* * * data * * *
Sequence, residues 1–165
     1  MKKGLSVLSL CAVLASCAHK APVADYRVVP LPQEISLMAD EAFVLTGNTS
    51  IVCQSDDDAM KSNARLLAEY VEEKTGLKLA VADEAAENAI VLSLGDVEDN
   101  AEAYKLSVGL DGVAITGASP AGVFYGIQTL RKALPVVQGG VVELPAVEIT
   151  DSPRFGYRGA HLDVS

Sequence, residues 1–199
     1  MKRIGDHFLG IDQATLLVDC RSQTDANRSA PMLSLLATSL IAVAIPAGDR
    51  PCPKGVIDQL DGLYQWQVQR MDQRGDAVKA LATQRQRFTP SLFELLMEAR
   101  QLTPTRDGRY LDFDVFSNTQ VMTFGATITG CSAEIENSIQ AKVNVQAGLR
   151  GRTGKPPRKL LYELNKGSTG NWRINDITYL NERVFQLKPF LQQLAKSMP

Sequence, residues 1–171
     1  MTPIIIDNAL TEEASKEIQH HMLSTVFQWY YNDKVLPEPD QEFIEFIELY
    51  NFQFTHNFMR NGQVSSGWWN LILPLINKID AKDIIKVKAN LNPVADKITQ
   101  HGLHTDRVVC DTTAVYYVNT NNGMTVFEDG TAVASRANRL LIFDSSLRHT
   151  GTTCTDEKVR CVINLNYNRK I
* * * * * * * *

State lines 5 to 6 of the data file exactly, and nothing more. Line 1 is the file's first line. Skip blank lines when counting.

   151  DSPRFGYRGA HLDVS

Sequence, residues 1–199